Keeping existing industry healthy and retaining jobs are always important, but with the U.S. economy now in recession, it is even more critical. While new projects often steal headlines, existing business and industry is the main driver of job creation.
To this end, the Tennessee Valley Authority (TVA) has launched a new program that offers incentives for business and industry in its seven-state area to stay put. On Oct. 30, the TVA board approved a new economic development program called the Valley Investment Initiative. The program offers incentive awards to existing industries that remain in the Tennessee Valley, increase their capital investment, add quality jobs and use energy efficiently.
Minimum qualifications for industries to be eligible for an incentive award will include investing a percentage of their facilities’ value in their Tennessee Valley operations annually and meeting minimum workforce and monthly power demand requirements.
“The goal of the Valley Investment Initiative is to enhance economic development of the Tennessee Valley and reward the industries already here for their contributions to economic growth,” said TVA senior vice president of economic development John Bradley. “The amount of incentive award a qualifying company could receive will depend on the company’s overall contribution to the Valley economy and compatibility with TVA’s power system and environmental goals.”
The Valley Investment Initiative grew out of the utility’s 2007 Strategic Plan. TVA periodically reviews its economic development program portfolios and introduces new initiatives to adjust with changes in the marketplace and customer needs. TVA’s 2007 Strategic Plan recognized economic development as a core part of its mission, and directed efforts to consider, among other things, the quality of jobs created, capital investment, environmental impact, load volatility and capacity needs in order to balance the needs of TVA, companies and communities.
“Current conditions do require a more targeted approach to economic development,” Bradley said. “The Valley Investment Initiative program rewards desirable corporate behavior, such as continued capital investment in the Valley, employment of workers with above average wages, energy-efficient operations and load characteristics that complement the TVA system. Combined, these factors benefit existing industries, the TVA system and the Valley economy.”
The Valley Investment Initiative program does not have funding for the current budget year. Funding for the program will be determined annually through the TVA budget process. TVA will work with local power distributors and directly served customers on the design and implementation of the program in the coming months.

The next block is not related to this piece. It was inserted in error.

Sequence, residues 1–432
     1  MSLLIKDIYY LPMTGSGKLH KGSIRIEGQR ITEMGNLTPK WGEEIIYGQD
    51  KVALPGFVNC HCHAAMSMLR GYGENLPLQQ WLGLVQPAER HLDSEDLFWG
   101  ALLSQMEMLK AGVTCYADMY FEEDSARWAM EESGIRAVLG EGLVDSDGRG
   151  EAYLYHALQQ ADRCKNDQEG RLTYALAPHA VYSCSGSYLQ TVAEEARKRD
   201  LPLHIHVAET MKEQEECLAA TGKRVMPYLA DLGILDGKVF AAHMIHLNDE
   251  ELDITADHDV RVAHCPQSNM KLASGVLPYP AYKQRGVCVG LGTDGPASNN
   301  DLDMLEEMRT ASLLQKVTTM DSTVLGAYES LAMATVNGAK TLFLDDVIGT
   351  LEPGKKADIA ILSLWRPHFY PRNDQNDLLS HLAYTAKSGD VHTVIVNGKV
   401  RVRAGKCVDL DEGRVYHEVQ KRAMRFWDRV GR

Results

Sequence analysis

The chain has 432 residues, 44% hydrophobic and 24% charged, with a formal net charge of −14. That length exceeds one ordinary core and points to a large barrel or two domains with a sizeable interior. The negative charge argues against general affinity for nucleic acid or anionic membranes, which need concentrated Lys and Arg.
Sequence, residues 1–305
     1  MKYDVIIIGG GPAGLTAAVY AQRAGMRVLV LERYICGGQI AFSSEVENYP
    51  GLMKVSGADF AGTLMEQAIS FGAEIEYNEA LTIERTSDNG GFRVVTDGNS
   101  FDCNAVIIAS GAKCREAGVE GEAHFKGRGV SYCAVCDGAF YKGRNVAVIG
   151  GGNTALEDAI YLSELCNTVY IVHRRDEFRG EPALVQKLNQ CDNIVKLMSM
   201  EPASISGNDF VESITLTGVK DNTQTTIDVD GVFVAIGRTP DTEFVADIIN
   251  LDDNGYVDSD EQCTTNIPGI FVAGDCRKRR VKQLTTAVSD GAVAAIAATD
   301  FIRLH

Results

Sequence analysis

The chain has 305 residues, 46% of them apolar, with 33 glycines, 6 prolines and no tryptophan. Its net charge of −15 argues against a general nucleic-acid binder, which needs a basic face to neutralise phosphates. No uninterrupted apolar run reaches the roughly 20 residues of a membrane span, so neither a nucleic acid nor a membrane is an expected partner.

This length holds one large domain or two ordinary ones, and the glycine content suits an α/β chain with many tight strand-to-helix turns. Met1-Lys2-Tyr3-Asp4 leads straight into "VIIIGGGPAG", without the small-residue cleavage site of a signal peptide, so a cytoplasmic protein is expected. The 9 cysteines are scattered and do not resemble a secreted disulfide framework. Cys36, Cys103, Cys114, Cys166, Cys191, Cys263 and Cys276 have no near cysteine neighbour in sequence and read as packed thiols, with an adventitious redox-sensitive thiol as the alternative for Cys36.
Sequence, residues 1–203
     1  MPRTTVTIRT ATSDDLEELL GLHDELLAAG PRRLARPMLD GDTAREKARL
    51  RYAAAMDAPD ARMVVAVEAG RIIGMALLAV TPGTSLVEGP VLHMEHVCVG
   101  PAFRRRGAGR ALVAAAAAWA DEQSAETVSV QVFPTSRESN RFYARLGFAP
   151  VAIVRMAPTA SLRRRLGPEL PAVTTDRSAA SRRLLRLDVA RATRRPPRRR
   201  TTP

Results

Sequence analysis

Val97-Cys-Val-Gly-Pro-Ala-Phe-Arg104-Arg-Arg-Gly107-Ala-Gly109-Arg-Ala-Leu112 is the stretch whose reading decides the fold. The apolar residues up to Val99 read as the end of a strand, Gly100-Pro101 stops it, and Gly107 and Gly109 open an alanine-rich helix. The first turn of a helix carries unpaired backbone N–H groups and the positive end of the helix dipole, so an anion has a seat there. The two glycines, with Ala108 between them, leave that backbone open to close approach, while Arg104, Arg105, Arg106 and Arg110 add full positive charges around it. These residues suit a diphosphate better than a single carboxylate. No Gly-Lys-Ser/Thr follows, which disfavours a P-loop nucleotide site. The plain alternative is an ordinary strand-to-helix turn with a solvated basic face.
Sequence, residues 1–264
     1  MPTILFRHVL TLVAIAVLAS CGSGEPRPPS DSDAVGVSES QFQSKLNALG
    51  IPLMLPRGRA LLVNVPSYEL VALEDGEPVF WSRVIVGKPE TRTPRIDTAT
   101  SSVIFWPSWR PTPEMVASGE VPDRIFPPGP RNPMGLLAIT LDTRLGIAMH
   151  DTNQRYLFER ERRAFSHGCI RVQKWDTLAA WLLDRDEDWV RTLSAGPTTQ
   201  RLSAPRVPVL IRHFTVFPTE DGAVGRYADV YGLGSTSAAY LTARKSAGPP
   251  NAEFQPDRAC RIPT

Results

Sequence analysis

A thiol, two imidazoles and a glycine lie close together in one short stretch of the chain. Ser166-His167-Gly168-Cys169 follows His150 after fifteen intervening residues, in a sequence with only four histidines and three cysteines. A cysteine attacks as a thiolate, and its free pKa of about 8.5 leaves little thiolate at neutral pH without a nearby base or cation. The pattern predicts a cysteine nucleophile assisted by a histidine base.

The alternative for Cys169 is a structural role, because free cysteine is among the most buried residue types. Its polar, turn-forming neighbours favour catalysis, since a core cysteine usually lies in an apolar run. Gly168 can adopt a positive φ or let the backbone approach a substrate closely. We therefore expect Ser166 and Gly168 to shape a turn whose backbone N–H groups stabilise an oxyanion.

Funding will not be available until Oct. 1, 2009, when the TVA board considers the fiscal year 2010 budget.
The size of the award qualifying companies will receive depends on the outcome of an extensive program evaluation that includes criteria such as: energy efficiency; wages; capital investment; jobs retained and/or created; and, power usage characteristics during periods of high demand and annually.
In the coming months, TVA said it would work with local power distributors on the design and implementation of the new Valley Investment Initiative, and will begin meeting with industries to discuss the program after April 1, 2009, when the program becomes effective.
TVA reports early response by customers to the new program has been positive.
“TVA power distributors have played an important role in helping to shape the VII program concept. We continue to be encouraged by the support this effort has received,” Bradley said.
The utility hopes the Valley Investment Initiative keeps its economic development momentum rolling, as the TVA had its second-best year ever for business investment in 2008. Volkswagen’s decision to build a $1-billion plant in Chattanooga, Tenn., helped boost total investment.
TVA’s economic development staff worked with its partners on new and expanding business projects in fiscal 2008 that brought more than $5.5 billion to the Tennessee Valley, and should generate approximately 41,620 jobs.
Bradley pointed to the Toyota plant in Blue Springs as an example of the ripple effect caused by such a large project. Both the Volkswagen and Toyota plants are being built on sites certified as automotive megasites by an independent consultant as part of another TVA initiative.
Bradley said 2008’s numbers are good considering the challenging economic climate.
“I think we had a substantial year, given the market,” he said.
Contact MBJ staff writer Wally Northway at firstname.lastname@example.org.
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